Photo credit: Stephen Lacko
Racial prejudice. Gender discrimination. Injustice. These are themes that resonate powerfully in so many ways today. Indeed, sadly, these are also timeless themes that have been insidiously woven throughout the fabric of the tapestry of our nation’s history. In 1846, these troubling refrains took center stage in a courtroom in Rappahannock County, Virginia. Yet, what transpired inside the walls of this single-room courthouse could serve as an unlikely beacon of hope, a transcendent moment of inspiration for our society today as we continue to wrestle with who we are, and who we hope to become, as a nation.
I quite literally stumbled upon the story while visiting the village of Washington, VA, in February of 2015. After wandering inside the historic one-room courthouse, which had been built in the 1830s (and was still in regular use as the Rappahannock County Court), I came across a small plaque on the lawn. The plaque noted that, in that same courthouse in 1846, Kitty, an African American slave, had won her freedom. I was both curious and puzzled. I was curious because I’ve taught a seminar at Yale about famous trials for more than a decade, and yet never read or heard anything about this case. And I was puzzled because the idea that a slave in the racially fraught antebellum South could have won her freedom in a Virginia court in 1846 seemed improbable at best. So after deciding to look into the story, I embarked on an unanticipated journey into the lives of Kitty, Mary, and Fanny, three extraordinary women who joined in a most improbable alliance in a quest for justice.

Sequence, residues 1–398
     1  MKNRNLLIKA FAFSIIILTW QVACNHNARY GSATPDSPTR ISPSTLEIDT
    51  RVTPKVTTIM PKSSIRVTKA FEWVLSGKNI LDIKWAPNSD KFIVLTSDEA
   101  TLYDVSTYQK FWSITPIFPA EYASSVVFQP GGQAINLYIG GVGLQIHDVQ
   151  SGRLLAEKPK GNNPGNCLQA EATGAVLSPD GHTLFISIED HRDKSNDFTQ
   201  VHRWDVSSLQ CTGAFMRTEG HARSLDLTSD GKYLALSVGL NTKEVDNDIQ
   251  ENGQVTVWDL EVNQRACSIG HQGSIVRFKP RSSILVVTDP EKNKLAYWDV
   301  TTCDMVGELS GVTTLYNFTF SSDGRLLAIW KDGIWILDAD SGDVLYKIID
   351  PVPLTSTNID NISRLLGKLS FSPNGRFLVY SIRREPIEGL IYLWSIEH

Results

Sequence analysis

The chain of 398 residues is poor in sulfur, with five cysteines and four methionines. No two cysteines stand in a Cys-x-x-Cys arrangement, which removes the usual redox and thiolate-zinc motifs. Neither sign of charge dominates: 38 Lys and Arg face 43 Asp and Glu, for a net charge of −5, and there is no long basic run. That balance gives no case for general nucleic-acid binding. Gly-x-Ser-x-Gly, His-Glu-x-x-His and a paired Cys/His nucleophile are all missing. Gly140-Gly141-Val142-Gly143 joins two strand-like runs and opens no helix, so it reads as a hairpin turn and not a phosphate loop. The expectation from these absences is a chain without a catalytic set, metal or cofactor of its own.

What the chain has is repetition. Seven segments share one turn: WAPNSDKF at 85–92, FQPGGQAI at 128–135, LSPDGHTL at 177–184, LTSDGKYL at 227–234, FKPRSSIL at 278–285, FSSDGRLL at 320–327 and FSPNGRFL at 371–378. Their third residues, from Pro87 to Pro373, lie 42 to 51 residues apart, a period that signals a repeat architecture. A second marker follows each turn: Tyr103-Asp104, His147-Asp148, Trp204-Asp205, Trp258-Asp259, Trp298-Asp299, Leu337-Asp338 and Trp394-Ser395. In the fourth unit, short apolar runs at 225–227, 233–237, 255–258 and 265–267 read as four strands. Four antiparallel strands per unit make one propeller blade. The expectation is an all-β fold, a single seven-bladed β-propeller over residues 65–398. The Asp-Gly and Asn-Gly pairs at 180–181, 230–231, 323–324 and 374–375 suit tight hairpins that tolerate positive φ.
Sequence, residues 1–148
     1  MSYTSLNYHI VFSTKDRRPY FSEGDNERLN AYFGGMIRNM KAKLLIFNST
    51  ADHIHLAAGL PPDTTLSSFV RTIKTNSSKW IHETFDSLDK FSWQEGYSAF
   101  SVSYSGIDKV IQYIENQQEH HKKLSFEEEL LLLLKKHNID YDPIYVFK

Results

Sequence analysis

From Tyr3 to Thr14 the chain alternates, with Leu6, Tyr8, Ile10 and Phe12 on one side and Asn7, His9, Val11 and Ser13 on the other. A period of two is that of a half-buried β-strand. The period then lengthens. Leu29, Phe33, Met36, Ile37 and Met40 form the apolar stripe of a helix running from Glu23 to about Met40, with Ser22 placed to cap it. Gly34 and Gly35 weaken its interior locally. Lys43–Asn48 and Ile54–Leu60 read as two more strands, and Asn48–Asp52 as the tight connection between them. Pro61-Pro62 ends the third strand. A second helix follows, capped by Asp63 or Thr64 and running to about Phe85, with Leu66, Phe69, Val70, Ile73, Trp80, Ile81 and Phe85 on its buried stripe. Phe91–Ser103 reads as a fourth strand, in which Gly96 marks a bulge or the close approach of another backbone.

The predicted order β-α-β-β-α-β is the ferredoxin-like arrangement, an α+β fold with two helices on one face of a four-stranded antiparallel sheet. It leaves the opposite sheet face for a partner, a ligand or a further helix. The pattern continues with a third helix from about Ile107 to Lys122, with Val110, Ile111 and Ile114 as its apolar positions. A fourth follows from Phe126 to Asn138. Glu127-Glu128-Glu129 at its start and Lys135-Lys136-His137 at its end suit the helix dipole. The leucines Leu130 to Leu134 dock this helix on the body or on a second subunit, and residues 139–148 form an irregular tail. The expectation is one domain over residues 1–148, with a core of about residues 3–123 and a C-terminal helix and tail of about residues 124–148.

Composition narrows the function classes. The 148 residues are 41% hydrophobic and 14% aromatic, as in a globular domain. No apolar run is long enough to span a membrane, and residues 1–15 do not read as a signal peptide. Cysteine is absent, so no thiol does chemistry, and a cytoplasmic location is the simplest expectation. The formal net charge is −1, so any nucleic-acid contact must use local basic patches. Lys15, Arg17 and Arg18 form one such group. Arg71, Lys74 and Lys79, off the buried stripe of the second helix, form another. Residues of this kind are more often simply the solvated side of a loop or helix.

What both surprised and inspired me about the story is also what most intrigued me from the moment I first stumbled across Kitty's saga: how the force of an intriguing alliance of three very different but very powerful women could prevail against the basest traditions and injustices of that era. I hope that I have been able to give voice to these complex women and their willingness to jettison the shackles of their time and place in a quest for justice.
Kitty’s story reinforces the unfortunate notion that many of the themes woven throughout the book are, indeed, timeless. Racial animus, gender inequity, greed, violence, insensitivity, and selfishness in the face of the struggles of others all continue to resonate and reverberate painfully throughout our lives today. And yet, as with Kitty’s story of courage and perseverance, we can hopefully still foster today the sagas of heroism, tolerance and acceptance of others, friendship, and personal triumph against overwhelming odds that can continue to inspire us all.
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is an Emmy and Peabody Award-winning journalist, college professor, documentary film producer, author, and former trial attorney. Chariot on the Mountain
is his third novel.